Techstars CEO on running a startup accelerator in a downturn; advice for founders; and more

Maelle Gavet, CEO of Techstars at the University of Washington’s Startup Hall, where Techstars Seattle is based. (GeekWire Photo / Taylor Soper)

Maelle Gavet has lived and worked through economic downturns, both as a startup entrepreneur and a tech company exec. And she doesn’t like what’s on the horizon.

“The economy is melting, and specifically in the tech industry we’re looking at a massive market reset,” she said.

But Gavet, a former Priceline and Compass executive who became CEO of Techstars last year, also sees opportunity.

“We help founders build sustainable, resilient businesses and prepare them to go raise their next round,” she said. “Our formula is even more relevant during an economic crisis.”

GeekWire interviewed Gavet this week in Seattle, where she was visiting from New York City for a series of events hosted by Techstars. Nearly 3,000 startups have gone through Techstars’ 3-month accelerators since it launched in 2006.

Techstars expanded to Seattle in 2010, and since then more than 130 companies have gone through the program. They have collectively gone on to raise more than $2.5 billion in private capital. The 2011 class alone produced three unicorns.

“Seattle has a super vibrant ecosystem,” Gavet said.

Before taking the reins of Techstars, Gavet was previously chief operating officer at real estate giant Compass. She also was CEO of Russia’s largest e-commerce site,, and published a book in 2020 called “Trampled by Unicorns: Big Tech’s Empathy Problem and How to Fix It.”

We asked Gavet about advice she’s giving entrepreneurs amid the current downturn; why Techstars is focused on underrepresented founders; and more. The interview was edited for brevity and clarity.

GeekWire: Thanks for speaking with us, Maelle. What are you telling founders right now?

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Maelle Gavet: The reality is that very few founders have gone through this type of downturn. We’re spending quite a bit of time talking about general awareness of what is currently happening in the world. We’re helping them think about their cash flow and how do to reduce cash burn, and creating additional cash facilities. We haven’t seen down rounds yet, but I think it’s going to come. We’re preparing founders for what is very likely going to be hand-to-hand combat for fundraising.

What do you mean by that?

There are always exceptions, but fundraising over the last 18 months was generally relatively easy. Now we’re going back to what is a more normal situation, where it takes six-to-nine months to fundraise and you have excruciating due diligence. But the market won’t stop completely. The VC industry still has a lot of money to deploy. And there’s an opportunistic approach from a lot investors as valuations go down.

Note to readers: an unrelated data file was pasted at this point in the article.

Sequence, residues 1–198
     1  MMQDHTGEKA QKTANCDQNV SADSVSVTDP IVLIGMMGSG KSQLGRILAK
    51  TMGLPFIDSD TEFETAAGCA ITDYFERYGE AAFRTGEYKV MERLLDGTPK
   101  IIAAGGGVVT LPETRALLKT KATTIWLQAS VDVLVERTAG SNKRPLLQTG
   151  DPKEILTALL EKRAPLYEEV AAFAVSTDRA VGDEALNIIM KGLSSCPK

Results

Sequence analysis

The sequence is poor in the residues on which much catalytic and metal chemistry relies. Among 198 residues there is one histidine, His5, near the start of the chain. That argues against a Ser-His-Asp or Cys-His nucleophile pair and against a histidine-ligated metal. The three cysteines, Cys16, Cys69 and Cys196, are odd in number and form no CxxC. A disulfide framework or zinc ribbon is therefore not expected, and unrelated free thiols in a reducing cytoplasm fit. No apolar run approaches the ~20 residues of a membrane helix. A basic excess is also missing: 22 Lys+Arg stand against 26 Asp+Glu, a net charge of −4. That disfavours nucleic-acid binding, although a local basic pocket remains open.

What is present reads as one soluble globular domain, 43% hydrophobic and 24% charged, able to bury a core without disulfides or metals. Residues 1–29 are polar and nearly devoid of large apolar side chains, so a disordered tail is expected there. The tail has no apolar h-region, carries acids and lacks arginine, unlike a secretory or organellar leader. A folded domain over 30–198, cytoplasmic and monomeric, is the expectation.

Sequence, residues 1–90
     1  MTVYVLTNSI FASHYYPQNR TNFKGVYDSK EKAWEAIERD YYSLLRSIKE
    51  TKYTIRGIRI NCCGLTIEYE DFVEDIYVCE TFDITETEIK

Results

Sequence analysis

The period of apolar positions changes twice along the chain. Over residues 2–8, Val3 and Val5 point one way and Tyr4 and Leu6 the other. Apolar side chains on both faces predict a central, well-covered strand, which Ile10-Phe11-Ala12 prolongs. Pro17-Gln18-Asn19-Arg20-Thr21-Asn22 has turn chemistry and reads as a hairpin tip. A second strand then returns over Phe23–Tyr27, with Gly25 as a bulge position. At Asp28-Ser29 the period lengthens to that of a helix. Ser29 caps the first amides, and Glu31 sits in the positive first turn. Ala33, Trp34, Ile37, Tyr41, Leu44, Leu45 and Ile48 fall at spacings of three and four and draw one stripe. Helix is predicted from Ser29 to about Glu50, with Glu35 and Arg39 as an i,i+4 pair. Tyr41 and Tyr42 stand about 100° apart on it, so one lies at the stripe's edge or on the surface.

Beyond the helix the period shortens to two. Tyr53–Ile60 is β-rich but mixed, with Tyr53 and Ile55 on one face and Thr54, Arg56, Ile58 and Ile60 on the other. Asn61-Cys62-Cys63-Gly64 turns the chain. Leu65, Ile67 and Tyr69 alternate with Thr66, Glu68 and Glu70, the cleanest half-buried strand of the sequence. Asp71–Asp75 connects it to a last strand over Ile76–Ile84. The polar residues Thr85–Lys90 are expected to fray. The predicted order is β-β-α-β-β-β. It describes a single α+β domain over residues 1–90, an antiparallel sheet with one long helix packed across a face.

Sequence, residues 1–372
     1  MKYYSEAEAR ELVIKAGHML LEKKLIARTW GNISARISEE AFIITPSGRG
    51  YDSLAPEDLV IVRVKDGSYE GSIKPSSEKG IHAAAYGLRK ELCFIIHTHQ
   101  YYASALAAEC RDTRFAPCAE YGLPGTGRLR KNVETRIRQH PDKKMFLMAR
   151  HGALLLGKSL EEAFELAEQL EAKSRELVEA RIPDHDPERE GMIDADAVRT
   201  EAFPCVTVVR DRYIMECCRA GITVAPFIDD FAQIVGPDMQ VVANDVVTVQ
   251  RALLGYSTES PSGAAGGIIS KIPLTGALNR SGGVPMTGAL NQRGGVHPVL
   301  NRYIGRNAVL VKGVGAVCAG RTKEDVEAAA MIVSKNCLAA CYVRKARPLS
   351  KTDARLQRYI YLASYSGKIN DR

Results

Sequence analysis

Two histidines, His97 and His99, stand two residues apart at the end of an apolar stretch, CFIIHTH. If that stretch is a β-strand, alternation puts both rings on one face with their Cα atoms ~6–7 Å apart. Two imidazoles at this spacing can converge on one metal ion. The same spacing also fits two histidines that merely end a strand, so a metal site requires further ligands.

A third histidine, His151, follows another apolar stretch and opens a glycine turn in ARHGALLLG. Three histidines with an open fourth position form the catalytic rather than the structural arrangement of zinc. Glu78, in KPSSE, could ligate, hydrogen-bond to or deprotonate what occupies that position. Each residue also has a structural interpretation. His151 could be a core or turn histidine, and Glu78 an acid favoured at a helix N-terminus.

Techstars has been around for 16 years. What’s the secret sauce?

Techstars was built on one core principle: give first. It’s this idea that you give first, support communities, build ecosystems, help entrepreneurs succeed, and along the way things will work out. And now Techstars is one of the largest pre-seed investors in the world.

When it comes to the venture capital industry, we are partners. We help entrepreneurs fill gaps and build businesses that can become VC-backed, and we do that at scale. We do the work that most VCs aren’t equipped to do because of their structure.

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Tell us about Techstars’ commitment to support underrepresented entrepreneurs.

It’s good for business. There are underserved founders who have unbelievable potential and very few people are catering to their needs. The tech investment world has been focused on the same swimming pool. We are focusing on the ocean, and helping founders get their ticket to the swimming pool and know how to behave when they get there.

Financially, the biggest upside comes from pockets that are being unexplored and unsupported. Let’s go find the founders that are not getting the attention that they deserve and give them support.

Thoughts on Seattle?

It is hard to find a more welcoming ecosystem for entrepreneurs, both in terms of people and infrastructure and a genuine interest toward innovation. And Seattle does it in a non-Silicon Valley way. There’s something about Seattle that is more welcoming. There’s a genuine conversation happening here about impact that we are having collectively as we build and support companies.

Applications are open for the 14th Techstars Seattle cohort. What advice do you have for founders who want to apply?

Come talk to us before getting into the application process. Talk to us about what you’re working on and what you’re excited about. What is the problem you are trying to solve, that is so big and so important that you are willing to sacrifice 10 years of your life trying to solve it? And how do you think about your team? What is the team that you’re looking to put together? We deeply believe in human connection as a source of success.

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